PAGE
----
Call Me Adjunct
by Alissa Montalbano
Like the narrator in Ulysses, English Adjunct Professors wander from college to university to community college with our battered briefcases stuffed with syllabi. We diligently try to ingratiate ourselves to each new workplace, hopeful to call it home. In the Fall we feel inspired, even desired, by many suitors promising a relationship until all the seas go dry. But, in the Spring when the “winds do shake the darling buds of May,” we are summarily tossed aside like poor Tess of D’Ubervilles.
While all higher educational institutions resemble each other on the surface, each one is bizarre in its own unique way. Universities, for example, make a big production of registering us, completing stacks of paperwork, background checks, fingerprinting, and the like. All this occurs while we carefully navigate Charybdis and Scylla to show a lively interest in the position without exhibiting the desire, or worse, the assumption, that we will be asked to return next semester.
Contrarily, military institutions are, as expected, very efficient. Adjuncts are registered and teaching class before Shel Silverstein can say, “Adam had ‘em.” And, in the Spring, we are decommissioned in a likewise efficient manner via a department-wide email that notes someone in uniform will be taking over the position. In summa, make like Nick when Daisy and Gatsby finally re-connect and step aside.
Our community college tenure can be gauged by careful analysis of the particular institution. For instance, when the professor with a Ph.D. in Philosophy is introduced as the scheduler for the adjuncts, we know our time here will be “nasty, brutish, and short.” As grammarians, we are acutely aware that the adverb “not” is missing between the title Ph.D. in Philosophy and the phrasal clause “organizing of schedules.”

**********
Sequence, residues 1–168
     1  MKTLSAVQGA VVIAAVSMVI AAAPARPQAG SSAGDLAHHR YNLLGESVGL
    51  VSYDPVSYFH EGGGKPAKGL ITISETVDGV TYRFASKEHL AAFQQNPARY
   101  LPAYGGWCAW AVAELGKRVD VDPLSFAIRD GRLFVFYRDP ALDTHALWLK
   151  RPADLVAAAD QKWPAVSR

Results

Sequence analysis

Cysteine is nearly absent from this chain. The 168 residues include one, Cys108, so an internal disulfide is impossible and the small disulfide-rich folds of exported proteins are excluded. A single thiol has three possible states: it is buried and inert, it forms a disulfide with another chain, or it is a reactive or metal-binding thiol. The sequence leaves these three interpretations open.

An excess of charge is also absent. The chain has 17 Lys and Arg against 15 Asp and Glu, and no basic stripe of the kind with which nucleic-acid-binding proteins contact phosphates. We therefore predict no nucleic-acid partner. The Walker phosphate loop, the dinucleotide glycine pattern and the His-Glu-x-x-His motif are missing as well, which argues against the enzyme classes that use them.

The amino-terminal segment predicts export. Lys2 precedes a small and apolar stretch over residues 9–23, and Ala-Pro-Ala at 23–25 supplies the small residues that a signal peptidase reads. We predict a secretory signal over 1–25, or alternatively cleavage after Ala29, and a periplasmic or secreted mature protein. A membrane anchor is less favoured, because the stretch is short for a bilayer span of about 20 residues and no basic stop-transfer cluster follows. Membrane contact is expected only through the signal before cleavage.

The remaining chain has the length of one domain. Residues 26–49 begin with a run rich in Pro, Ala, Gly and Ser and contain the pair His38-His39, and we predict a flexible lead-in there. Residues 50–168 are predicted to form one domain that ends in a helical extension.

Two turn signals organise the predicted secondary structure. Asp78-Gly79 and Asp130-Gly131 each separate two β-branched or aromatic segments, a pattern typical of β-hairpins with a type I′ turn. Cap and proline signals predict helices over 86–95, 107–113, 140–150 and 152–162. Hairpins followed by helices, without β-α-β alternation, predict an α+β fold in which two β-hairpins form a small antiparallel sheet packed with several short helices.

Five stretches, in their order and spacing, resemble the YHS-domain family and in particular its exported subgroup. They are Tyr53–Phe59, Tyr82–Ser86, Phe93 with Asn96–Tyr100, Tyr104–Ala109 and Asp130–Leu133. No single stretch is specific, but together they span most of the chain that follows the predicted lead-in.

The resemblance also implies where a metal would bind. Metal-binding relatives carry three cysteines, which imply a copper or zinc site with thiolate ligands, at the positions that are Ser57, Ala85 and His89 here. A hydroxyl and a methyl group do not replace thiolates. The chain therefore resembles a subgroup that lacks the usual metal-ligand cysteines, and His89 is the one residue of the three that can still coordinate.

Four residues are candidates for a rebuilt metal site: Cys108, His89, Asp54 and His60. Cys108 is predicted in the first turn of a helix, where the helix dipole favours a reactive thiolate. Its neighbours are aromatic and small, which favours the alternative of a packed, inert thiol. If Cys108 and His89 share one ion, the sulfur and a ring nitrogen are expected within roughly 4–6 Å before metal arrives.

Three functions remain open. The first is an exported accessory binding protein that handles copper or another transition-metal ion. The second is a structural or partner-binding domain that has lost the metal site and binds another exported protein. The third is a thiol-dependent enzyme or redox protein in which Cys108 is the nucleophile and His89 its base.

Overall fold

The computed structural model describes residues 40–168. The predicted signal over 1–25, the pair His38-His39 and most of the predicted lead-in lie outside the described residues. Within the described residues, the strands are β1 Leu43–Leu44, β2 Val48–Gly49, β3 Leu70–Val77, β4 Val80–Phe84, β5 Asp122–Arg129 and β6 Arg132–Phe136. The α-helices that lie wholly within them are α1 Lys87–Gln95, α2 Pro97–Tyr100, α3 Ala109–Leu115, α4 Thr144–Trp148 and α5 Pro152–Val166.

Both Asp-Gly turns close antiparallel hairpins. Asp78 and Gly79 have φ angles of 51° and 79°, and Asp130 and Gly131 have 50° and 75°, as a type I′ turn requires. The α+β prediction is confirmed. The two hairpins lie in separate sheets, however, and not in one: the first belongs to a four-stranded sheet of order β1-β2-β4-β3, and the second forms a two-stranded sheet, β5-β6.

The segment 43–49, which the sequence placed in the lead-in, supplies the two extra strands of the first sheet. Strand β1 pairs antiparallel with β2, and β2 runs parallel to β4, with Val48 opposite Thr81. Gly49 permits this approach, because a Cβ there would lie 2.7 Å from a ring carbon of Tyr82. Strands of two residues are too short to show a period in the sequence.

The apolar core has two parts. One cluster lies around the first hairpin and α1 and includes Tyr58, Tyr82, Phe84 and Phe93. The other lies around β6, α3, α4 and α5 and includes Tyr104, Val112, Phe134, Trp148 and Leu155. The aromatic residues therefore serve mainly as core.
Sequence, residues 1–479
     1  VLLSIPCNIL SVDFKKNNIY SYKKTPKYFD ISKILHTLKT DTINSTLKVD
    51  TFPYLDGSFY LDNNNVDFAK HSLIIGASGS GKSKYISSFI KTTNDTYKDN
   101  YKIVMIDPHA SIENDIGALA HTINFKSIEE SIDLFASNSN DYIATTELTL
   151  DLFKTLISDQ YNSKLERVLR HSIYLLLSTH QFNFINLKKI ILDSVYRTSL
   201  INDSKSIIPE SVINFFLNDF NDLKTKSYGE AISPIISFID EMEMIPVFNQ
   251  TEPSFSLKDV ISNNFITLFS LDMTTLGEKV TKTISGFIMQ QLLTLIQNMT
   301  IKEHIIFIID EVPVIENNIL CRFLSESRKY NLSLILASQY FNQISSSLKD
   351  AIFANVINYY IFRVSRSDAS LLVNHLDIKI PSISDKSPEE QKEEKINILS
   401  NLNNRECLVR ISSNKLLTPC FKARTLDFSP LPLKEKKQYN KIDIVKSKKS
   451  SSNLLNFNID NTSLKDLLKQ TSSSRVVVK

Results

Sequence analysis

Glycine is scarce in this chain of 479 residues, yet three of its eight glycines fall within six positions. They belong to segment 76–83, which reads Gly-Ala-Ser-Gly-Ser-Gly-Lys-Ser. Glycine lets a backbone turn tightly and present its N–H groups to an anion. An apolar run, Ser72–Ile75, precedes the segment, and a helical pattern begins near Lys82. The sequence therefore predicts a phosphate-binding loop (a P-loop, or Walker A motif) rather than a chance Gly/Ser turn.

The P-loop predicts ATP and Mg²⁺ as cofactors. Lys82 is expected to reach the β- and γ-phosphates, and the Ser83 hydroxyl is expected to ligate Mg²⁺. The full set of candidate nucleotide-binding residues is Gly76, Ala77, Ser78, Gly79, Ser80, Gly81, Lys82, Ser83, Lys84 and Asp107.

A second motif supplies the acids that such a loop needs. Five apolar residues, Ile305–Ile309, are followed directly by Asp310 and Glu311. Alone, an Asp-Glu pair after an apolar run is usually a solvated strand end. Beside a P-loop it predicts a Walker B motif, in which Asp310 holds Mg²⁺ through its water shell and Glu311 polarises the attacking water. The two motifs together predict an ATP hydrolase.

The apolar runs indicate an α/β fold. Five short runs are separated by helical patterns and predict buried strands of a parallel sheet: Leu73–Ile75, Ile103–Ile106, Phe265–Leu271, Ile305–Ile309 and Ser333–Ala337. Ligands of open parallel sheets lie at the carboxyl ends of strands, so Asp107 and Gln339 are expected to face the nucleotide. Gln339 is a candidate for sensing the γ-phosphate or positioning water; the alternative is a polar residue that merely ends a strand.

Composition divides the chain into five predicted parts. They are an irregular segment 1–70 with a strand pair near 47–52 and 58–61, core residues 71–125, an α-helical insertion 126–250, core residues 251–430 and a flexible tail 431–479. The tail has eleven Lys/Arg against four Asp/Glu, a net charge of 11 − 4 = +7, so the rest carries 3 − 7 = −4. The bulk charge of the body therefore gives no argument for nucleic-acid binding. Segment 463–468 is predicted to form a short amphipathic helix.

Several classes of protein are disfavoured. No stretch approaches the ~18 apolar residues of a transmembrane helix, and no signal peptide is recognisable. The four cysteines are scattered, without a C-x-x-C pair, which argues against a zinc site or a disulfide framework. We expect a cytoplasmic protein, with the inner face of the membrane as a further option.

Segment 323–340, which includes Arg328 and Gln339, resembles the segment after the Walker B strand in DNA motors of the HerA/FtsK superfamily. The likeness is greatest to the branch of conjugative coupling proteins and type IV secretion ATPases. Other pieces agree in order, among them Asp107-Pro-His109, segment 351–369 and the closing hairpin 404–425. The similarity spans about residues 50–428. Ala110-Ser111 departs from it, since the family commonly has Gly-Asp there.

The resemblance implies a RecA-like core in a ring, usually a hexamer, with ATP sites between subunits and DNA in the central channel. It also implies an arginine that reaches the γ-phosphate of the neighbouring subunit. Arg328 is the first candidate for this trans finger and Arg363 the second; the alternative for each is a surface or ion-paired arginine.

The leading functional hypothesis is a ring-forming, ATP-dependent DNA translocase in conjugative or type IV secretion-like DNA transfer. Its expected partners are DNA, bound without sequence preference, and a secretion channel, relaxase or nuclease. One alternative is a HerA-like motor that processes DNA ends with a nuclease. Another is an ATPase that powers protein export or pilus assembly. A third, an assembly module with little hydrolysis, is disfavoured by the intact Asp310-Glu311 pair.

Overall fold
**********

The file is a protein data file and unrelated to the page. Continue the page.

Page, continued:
No matter the institution, however, newly tenured professors uniformly shun us as if the scarlet letter “A” were emblazoned upon our breast. Like old, fat Falstaff rejected by the newly crowned King Henry V, we completely understand this behavior (and, indeed, imagine ourselves doing the same some fruitful day), but it still hurts.
But, a Dixonian path does not represent the whole of the career. There are some amazing benefits too, like:
Academic Freedom: we will regularly introduce in class what used to be known as Shakespeare and is now called “trigger subjects.” As a matter of fact, at this very moment, adjuncts around the country are discussing murder, incest, politics, religion, racism, betrayal, torture, fights to the death with complete confidence that no one will ever come in the classroom and put a stop to the interesting debate.
Freedom from critique: If a student hates us – we don’t care. The oft-kept secret, which is herein revealed: no one reads adjunct evaluations. No one.
No publishing deadlines: we do not worry about publishing; ergo we do not worry about perishing.
Scholarly support: we regularly get together, like Ernest Hemingway and F. Scott Fitzgerald, to eat, drink, and shoot large animals (just kidding), rather — to exchange ideas.
Life as divine comedy: In a single day we can hear from a community college student bemoaning Alice Walker’s choice of the color purple or a military student calling Hamlet a “pussy” for taking the entire play to kill Claudius. In that same day, we can read an essay from a university student detailing what, exactly, those Bronte sisters really did with that Moor.
Boring, this job is not.
This is why we adjuncts return each Fall, like flocks of Poe’s Ravens, to various institutions of higher learning. Despite the intermittent (and impecunious) check we receive in our creaky metal mailboxes every month and the other oddities we abide by, we adjuncts always have the beautiful option to simply pack our bags and move on. After all, “the road is life.” And, life, as we English Literature folk well know, is always reflected in literature. Or, is it the other way around? Maybe that is why I am the adjunct.
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